Explained: How much coffee is too much for a human body

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Explained: How much coffee is too much for a human body
Explained: How much coffee is too much for a human body

New Delhi : Are you a coffee addict? Do you take more than five to six cups of coffee on daily basis? If the answer is yes, then its time you must reconsider the choice as you are putting yourself into a high health risk.

Sipping five to six cups of coffee daily increases the risk of heart diseases by up to 22 per cent, claims a study.

While morning coffee is a day starter for many people across the world, the researchers from the University of South Australia wondered how much caffeine is too much for a human body.

They investigated the association of long-term coffee consumption and cardiovascular disease, finding the point at which excess caffeine can cause high blood pressure, a precursor to heart disease.

As mentioned by the World Health Organisation (WHO), the major cause of death across the globe is cardiovascular diseases.

As mentioned in the study, which was published in The American Journal of Clinical Nutrition, this is for the first time an upper limit for caffeine has been placed.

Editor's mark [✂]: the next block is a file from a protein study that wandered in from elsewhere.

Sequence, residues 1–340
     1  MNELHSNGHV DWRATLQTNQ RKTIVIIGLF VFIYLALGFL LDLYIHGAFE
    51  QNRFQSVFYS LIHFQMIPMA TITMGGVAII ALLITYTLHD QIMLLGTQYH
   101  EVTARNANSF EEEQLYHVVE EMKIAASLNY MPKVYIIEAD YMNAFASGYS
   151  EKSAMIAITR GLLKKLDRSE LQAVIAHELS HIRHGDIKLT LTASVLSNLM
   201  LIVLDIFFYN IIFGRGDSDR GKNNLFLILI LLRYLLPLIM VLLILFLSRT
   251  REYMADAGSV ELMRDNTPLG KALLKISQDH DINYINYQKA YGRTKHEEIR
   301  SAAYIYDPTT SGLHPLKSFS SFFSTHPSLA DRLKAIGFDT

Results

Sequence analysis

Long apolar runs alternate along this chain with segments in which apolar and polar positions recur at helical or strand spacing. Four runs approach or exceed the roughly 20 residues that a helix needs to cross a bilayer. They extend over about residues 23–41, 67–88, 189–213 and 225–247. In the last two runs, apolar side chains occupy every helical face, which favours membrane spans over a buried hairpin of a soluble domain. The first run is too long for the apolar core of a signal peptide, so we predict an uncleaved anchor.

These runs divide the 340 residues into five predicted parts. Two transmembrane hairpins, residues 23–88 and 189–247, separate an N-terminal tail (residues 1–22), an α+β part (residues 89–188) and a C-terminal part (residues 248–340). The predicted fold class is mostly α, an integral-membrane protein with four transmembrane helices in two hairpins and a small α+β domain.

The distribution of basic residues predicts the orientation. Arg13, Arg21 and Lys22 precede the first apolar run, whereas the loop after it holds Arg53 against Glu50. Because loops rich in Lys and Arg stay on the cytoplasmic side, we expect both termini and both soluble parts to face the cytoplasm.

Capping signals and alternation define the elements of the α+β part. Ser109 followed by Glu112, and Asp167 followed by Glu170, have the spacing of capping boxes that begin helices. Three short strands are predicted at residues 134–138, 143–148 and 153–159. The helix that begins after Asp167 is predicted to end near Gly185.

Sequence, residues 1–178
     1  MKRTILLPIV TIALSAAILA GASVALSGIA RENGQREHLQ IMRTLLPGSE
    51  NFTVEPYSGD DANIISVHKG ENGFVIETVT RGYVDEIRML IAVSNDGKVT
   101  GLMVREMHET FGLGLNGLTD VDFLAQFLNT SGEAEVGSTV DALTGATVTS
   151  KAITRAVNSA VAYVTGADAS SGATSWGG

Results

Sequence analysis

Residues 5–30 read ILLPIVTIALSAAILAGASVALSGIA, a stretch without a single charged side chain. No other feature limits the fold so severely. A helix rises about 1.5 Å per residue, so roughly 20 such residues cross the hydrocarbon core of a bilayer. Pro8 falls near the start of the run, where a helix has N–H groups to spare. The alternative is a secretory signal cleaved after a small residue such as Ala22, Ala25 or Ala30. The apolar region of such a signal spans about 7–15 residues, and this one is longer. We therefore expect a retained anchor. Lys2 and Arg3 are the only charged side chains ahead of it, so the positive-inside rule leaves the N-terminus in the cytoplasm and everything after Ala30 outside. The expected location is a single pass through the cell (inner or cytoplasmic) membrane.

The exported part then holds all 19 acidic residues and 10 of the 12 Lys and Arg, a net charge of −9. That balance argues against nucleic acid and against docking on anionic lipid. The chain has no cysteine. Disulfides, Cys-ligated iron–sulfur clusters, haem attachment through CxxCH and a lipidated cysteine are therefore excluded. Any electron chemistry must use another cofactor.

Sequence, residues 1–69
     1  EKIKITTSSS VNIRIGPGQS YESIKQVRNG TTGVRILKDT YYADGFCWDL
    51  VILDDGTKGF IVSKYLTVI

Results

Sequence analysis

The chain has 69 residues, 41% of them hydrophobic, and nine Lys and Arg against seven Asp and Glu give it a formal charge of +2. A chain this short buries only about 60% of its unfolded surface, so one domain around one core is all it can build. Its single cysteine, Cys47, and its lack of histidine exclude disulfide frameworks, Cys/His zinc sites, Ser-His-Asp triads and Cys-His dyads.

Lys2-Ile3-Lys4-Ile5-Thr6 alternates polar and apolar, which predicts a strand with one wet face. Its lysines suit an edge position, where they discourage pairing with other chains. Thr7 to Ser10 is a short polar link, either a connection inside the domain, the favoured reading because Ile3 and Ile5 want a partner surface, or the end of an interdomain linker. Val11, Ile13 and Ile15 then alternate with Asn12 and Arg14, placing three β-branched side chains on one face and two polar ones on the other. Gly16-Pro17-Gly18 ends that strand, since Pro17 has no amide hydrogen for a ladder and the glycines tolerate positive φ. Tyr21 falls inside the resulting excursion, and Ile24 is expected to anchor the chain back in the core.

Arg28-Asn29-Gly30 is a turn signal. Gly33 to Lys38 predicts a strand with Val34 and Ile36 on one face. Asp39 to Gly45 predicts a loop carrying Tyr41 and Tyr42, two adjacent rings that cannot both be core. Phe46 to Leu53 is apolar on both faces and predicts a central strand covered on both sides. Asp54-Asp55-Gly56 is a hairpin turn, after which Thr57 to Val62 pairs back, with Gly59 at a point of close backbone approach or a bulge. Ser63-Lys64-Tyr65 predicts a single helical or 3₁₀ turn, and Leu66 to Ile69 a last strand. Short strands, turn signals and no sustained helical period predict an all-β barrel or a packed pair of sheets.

“Most people would agree that if you drink a lot of coffee, you might feel jittery, irritable or perhaps even nauseas – that’s because caffeine helps your body work faster and harder, but it is also likely to suggest that you may have reached your limit for the time being,” said Elina Hypponen, professor at the University of South Australia.

"We also know that risk of cardiovascular disease increases with high blood pressure, a known consequence of excess caffeine consumption,” she said.

In order to maintain a healthy heart and a healthy blood pressure, people must limit their coffees to fewer than six cups a day, researchers said. Based on the data, six was the tipping point where caffeine started to negatively affect cardiovascular risk.

Hypponen said that despite carriers of the fast-processing gene variation being four times quicker at metabolising caffeine, the research does not support the belief that these people could safely consume more caffeine, more frequently, and without detrimental health effects.

 “An estimated three billion cups of coffee are enjoyed every day around the world,” Hypponen said.

"Knowing the limits of what’s good for you and what’s not is imperative,” she said.